My Southern family’s favorite foods during my childhood were fresh, homegrown vegetables, sprinkled with only salt and pepper. The household’s spice cabinet usually held only a few standard spices like cinnamon, ginger, cloves, garlic powder, chili powder, and condiments required for pickling.
The nation’s and my family’s selection of spices increased and became more exotic in the 1980’s. By then an upsurge in new restaurants had introduced dishes from Asian, European, Mediterranean and Middle Eastern countries. During that decade, the annual spice consumption of average Americans rose from one to two pounds. Accordingly, the growing of herbs and spices has taken off as one of the fastest developing American agricultural industries, producing about 200 billion pounds per year.
My own cooking significantly reflects this increased herbal popularity. Spice jars overflow from kitchen drawers to a counter-top spice rack. Packages of fresh herbs often reside in the refrigerator. An obsession with quirky recipes has contributed to this myriad of herbs and spices.
Fortunately, for me and other cooks and gardeners, The Culinary Herbal (Timber Press, 2016) by Susan Belsinger and Arthur O. Tucker provides the necessary information to correctly use, grow and preserve 97 herbs. This book presents the herbs in alphabetical order by common name with scientific names and photographs accompanying them.
Instead of dealing with the medical attributes of herbs, the authors emphasize the taste and smells of the plants. Whether these qualities of a plant are best used as fresh or cooked and how to prepare it are explained. The actual taste and aroma of each is described much as flavors of wine are described at a tasting party.
For somewhat conservative cooks, non-tropically grown herbs and spices that appear in ordinary grocery stores are discussed. Especially interesting to me was learning about those herbs that seem to appear as a fresh ingredient in many contemporary recipes, such as cilantro, fennel or dill. For example, the authors recommend planting several cilantro types that overcome this herb’s tendency to quickly bolt in hot weather.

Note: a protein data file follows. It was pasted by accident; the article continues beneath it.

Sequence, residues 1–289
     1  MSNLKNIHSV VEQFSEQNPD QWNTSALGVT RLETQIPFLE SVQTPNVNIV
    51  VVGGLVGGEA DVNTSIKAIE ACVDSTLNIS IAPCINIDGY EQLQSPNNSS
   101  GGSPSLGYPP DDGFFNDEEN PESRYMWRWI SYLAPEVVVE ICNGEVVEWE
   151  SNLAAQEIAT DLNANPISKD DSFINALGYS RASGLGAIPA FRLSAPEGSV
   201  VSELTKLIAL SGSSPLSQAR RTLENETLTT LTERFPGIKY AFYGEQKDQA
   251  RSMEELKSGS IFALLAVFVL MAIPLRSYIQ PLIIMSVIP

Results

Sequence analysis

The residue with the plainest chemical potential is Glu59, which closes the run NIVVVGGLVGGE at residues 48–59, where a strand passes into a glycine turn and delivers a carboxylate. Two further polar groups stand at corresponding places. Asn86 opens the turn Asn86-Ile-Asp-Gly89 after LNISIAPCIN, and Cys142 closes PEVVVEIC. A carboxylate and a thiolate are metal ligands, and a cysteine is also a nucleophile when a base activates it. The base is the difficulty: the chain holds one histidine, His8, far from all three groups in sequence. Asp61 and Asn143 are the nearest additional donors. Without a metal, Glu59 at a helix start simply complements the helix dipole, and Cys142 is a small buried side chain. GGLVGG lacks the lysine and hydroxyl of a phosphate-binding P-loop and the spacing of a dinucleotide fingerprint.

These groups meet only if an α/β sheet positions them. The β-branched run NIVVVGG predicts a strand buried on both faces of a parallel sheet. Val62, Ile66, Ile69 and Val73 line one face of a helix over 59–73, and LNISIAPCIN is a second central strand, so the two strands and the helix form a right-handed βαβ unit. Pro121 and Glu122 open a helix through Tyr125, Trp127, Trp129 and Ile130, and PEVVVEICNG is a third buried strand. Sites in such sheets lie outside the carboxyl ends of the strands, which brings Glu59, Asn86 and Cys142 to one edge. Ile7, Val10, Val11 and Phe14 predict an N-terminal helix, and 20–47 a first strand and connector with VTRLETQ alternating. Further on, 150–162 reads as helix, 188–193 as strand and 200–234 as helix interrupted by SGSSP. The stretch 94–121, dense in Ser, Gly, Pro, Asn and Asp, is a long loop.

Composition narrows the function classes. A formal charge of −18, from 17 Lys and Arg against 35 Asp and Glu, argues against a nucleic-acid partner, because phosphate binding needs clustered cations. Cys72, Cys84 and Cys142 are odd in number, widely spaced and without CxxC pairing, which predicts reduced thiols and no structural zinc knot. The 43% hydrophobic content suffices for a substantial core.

For adventurous cooks and gardeners, the use of flowers such as roses, violas, daylily, and hibiscus to beautify and flavor dishes is discussed. The most unusual suggestions for herbal flavor are chickweed, stinging nettle, and sow thistle, which are best known as common weeds.
After introducing the individual culinary plants, the final sections offer tips on harvesting, drying and freezing to best preserve the herbs’ tastes and smells. The book ends with recipes and instructions for preparing herbal syrups, vinegars, pastes, and butters.
With the season here for selecting seeds and plants for this year’s garden, choose some familiar herbs to enjoy their fresh, delicious tastes. Oregano, basil and thyme are unbeatable. Then add a new herb, maybe one you tasted in an exotic dish, to enjoy as a new garden plant and as a new flavor in your kitchen.
Christine Thomson is a Raleigh gardener obsessed with plants. She is a volunteer at the JC Raulston Arboretum and fills her spare time reading books, especially volumes about vegetation.